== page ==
Price and behavioural signals to encourage household water conservation: Implications for the UK

Liang Lu (Lead Author), David Deller, Morten Hviid

Research output: Contribution to journalArticlepeer-review

26 Citations (Scopus)
27 Downloads (Pure)


Water scarcity is a global concern. Even in non-drought situations the political and economic costs of developing water resources may favour conservation. Using a single high price to constrain demand raises distributional and political challenges. Increasing block tariffs (IBTs) have been proposed as a solution, balancing incentives for conservation with an equitable distribution of costs across households. Our survey indicates the international evidence on using IBTs to conserve water is mixed, highlighting the operational challenges of implementing effective IBTs. An alternative approach that may side-step affordability concerns are non-price conservation interventions. Robust evidence on behavioural interventions to conserve water is limited, although social comparisons appear effective. Nevertheless, existing price and behavioural interventions have typically been implemented in response to droughts, thus caution is needed when generalising this evidence to non-drought situations. We discuss the applicability of IBTs to the UK, highlighting an essential pre-condition is detailed research to understand a locality’s water consumers and their water demand.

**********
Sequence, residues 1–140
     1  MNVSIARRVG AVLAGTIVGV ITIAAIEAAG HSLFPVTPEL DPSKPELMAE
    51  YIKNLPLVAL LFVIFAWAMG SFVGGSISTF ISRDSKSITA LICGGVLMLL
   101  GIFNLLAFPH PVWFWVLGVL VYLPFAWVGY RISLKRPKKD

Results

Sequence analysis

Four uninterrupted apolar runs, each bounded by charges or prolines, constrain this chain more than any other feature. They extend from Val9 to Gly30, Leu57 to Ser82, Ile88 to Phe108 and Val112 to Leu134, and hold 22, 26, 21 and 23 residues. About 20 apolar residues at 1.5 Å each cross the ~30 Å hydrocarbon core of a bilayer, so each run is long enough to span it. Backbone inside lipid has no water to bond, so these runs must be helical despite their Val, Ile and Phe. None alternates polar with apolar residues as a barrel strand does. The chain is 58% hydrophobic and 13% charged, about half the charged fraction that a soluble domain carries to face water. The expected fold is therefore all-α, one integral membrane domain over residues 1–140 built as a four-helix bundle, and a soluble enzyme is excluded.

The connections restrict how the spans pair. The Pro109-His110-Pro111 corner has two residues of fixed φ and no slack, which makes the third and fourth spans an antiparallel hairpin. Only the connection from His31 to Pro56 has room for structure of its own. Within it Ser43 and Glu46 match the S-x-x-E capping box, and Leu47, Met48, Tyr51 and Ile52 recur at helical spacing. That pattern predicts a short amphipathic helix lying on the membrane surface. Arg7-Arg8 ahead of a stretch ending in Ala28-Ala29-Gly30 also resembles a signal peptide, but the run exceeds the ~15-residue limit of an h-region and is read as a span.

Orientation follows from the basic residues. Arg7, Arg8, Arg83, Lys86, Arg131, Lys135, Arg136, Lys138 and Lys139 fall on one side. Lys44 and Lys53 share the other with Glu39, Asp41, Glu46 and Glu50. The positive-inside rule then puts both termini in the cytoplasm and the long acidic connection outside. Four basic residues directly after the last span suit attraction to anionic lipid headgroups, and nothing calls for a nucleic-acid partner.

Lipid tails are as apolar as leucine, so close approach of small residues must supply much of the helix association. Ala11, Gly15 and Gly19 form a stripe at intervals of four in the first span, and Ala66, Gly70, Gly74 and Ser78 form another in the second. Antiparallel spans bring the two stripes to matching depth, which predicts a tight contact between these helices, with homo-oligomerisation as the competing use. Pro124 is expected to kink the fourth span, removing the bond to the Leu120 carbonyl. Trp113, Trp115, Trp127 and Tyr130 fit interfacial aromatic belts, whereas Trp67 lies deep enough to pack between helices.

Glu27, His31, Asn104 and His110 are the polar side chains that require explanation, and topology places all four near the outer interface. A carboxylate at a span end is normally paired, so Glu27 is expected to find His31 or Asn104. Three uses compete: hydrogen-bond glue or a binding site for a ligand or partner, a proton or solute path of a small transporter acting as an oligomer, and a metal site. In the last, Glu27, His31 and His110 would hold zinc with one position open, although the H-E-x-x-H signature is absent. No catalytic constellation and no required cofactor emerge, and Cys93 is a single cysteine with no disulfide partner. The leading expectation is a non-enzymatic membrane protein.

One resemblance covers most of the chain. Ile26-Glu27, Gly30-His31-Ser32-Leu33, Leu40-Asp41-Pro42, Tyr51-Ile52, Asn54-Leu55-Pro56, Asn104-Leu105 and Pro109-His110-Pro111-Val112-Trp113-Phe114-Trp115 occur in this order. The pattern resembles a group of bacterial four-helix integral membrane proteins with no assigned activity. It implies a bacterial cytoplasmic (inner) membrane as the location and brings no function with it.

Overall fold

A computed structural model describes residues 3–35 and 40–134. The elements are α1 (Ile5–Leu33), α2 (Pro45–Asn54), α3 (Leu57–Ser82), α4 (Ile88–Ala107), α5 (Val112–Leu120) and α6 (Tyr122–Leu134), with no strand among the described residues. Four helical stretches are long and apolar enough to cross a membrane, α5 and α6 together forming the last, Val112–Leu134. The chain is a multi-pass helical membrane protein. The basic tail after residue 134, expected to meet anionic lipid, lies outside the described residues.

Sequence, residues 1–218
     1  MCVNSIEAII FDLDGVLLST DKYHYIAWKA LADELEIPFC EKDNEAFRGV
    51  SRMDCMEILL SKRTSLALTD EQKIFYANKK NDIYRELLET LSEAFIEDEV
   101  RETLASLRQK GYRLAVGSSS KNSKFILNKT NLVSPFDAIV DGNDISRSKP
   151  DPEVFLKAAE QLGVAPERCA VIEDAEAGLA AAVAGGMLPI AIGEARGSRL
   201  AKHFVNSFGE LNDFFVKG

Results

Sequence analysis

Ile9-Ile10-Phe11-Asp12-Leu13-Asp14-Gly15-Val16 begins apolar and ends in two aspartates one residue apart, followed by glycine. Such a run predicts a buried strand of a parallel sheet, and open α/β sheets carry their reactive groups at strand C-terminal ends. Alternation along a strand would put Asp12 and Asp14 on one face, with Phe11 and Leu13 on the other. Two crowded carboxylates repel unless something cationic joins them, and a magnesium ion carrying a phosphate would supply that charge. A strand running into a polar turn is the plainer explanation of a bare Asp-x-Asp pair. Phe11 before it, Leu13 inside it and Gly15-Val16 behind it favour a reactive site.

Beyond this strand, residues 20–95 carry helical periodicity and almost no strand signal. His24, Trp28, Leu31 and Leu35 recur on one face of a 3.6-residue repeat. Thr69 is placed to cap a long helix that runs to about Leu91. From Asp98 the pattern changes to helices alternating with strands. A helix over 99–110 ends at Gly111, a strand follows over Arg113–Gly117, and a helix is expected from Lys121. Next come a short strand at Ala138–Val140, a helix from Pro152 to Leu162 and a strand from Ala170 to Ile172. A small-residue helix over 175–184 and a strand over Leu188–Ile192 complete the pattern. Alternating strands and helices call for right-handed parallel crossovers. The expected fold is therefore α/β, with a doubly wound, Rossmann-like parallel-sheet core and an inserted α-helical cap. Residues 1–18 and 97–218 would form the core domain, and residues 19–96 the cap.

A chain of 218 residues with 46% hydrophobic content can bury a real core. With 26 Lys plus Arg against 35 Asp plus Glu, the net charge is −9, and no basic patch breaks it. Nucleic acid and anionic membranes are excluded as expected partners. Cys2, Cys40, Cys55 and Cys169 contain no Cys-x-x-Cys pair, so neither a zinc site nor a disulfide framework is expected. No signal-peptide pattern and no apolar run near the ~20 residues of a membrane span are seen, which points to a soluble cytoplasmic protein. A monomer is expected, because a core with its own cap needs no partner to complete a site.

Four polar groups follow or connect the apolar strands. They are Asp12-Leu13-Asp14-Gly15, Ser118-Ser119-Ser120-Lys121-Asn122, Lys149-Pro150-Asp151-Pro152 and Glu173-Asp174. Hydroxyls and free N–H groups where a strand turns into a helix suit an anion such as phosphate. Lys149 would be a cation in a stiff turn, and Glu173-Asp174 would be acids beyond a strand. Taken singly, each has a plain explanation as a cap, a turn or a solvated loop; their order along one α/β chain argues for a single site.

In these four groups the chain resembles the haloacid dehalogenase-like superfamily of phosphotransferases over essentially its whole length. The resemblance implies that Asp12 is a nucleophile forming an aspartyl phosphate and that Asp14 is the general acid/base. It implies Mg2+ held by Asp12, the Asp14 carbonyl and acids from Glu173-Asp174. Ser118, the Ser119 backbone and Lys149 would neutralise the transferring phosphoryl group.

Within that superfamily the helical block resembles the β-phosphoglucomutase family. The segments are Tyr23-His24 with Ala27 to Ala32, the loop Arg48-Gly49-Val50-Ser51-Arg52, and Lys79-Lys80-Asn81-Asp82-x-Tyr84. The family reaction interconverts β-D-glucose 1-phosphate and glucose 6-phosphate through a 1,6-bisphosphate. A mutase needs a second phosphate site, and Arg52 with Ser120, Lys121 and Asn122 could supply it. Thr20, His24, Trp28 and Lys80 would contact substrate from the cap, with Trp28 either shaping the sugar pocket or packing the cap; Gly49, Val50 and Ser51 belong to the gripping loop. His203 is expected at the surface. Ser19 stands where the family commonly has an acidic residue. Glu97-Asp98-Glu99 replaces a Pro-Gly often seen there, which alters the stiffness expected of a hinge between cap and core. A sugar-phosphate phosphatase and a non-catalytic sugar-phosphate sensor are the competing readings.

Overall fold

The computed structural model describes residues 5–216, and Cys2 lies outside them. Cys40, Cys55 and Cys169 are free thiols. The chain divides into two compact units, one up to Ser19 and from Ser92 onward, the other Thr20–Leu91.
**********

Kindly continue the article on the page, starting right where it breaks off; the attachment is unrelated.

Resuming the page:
Original languageEnglish
Pages (from-to)475-491
Number of pages17
JournalWater Resources Management
Issue number2
Early online date24 Nov 2018
Publication statusPublished - Jan 2019


  • Behavioural interventions
  • Increasing block tariffs
  • Water conservation

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